People pay tribute to victims during a memorial service in Colombo, Sri Lanka on Tuesday. Dinuka Liyanawatte/ Reuters
Sri Lankans across the island nation observed three minutes of silence early on Tuesday to pay tribute to nearly 300 people killed in a string of suicide attacks.
National flags were lowered and people bowed their heads as the silence began at 8:30am local time (0300 GMT), the time the first of six attacks occurred on Sunday.
The government has declared a full day of national mourning on Tuesday, with flags at all government institutions lowered to half mast, liquor shops ordered shut and radio stations and television channels expected to play sombre music.
At St Anthony's Shrine in Colombo where the first suicide bomb detonated on Sunday morning, a crowd of several dozen people held up candles and prayed silently, palms pressed together, eyes squeezed shut.
Some of them struggled to hold back tears, and as the three minutes drew to a close, the crowd began to recite prayers.
Muslims in Sri Lanka were urged to pray at home on Friday and not attend mosques or churches after the State Intelligence Services warned of possible car bomb attacks, amid fears of retaliatory violence for the Easter Sunday bombings.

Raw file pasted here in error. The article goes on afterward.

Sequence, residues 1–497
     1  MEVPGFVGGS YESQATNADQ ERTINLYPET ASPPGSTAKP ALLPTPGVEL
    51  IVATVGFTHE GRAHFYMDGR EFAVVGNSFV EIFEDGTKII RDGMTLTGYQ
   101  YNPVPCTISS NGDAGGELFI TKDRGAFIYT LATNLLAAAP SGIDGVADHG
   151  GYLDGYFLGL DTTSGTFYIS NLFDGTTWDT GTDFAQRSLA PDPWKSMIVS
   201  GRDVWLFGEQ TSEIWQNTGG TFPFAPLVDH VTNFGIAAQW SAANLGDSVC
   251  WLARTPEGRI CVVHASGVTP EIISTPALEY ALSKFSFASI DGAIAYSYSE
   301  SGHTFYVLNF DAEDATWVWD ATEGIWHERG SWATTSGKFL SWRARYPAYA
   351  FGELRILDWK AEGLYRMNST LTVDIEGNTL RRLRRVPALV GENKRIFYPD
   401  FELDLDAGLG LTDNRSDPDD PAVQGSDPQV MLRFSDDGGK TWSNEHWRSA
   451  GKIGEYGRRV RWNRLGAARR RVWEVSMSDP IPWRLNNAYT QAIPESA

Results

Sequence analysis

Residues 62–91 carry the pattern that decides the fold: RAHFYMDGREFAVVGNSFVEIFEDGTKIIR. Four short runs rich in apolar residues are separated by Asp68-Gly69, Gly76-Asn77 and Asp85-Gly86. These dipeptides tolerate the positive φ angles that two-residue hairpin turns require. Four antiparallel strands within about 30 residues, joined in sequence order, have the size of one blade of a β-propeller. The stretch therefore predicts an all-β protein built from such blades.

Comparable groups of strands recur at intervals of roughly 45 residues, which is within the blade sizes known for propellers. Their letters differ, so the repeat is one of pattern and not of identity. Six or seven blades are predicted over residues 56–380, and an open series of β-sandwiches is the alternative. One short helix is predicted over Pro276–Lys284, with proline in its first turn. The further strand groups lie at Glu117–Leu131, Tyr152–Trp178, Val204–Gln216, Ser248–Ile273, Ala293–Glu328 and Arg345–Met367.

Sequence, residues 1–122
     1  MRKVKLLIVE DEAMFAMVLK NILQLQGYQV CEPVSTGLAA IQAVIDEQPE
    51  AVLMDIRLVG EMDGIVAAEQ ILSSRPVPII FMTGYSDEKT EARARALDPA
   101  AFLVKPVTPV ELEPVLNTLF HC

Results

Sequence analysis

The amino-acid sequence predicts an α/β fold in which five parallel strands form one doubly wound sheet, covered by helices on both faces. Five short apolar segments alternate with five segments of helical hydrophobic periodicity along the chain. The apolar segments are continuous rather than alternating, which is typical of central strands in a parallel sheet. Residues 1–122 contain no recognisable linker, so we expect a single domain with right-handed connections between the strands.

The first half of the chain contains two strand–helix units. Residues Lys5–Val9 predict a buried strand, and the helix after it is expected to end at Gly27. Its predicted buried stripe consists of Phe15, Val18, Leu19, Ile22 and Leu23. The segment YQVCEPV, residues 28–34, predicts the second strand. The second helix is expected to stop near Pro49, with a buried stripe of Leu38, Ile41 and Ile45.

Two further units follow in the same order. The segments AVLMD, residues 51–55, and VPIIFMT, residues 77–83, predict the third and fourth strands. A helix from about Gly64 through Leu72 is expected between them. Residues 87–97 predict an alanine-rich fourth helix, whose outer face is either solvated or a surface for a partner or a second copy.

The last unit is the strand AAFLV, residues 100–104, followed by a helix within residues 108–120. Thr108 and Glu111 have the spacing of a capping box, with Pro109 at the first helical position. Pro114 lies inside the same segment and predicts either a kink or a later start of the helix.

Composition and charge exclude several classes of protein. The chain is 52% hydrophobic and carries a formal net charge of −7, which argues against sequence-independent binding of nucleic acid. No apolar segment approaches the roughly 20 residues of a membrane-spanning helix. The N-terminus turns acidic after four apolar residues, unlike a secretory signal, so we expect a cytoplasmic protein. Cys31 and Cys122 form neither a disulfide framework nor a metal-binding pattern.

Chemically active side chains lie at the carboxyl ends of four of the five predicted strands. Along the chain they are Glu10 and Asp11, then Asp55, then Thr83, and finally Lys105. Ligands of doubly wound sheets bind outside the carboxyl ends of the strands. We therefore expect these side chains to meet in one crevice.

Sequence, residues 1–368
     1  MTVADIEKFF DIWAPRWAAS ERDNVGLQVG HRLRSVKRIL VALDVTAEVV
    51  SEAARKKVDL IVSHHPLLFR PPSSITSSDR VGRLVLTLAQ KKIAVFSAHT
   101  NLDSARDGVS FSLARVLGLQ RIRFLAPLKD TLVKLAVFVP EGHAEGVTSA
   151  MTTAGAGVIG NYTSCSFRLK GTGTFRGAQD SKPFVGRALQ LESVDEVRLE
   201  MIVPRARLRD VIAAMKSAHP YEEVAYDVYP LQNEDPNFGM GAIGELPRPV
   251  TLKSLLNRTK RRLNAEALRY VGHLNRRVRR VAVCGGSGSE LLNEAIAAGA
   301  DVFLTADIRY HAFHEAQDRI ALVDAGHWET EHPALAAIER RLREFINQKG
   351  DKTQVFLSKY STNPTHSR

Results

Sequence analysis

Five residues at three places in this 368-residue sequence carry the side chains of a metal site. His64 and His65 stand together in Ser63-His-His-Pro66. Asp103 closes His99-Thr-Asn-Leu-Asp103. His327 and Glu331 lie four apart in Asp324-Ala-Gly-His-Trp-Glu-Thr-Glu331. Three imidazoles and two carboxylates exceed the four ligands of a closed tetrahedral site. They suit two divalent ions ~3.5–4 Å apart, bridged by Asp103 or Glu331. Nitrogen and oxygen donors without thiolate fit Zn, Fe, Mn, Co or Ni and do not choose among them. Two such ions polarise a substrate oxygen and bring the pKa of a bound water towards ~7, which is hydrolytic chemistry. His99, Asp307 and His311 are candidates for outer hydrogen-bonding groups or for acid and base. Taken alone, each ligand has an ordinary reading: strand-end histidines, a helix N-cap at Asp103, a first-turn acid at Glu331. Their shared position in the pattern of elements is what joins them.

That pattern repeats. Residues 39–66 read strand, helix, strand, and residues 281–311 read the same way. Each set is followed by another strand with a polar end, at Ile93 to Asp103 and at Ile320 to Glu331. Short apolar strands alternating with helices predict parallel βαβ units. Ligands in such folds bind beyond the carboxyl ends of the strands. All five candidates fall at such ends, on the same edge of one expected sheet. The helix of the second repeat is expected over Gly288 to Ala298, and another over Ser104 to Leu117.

The death toll from the Easter Sunday suicide bombing attacks on churches and hotels in Sri Lanka rose to 359, police said on Wednesday without providing any further details.
Sri Lanka’s Catholic Church will televise a private on Sunday mass after cancelling regular services over fears of a repeat of Easter suicide bombings that killed 257 people, a spokesman said.
According to FIR copy, Suresh was first appointed as junior engineer in the state road construction department on Feb.20, 1988. Next year, he was offered a job in the water resources department where he assumed charge in Patna on July 28, 1989. Suresh was offered yet another job under the same department the same year and was posted at Bhim Nagar East Embankment in Supaul district.
President Arif Alvi said that the Indian government is living in a 'fool's paradise' if it thinks that it can improve the situation in Kashmir by revoking Article 370.
"We are citizens of the country. So is everyone in Jammu and Kashmir. We are not people who will make things difficult for anyone. We just want to go and see the situation on the ground," Sharad Yadav told reporters.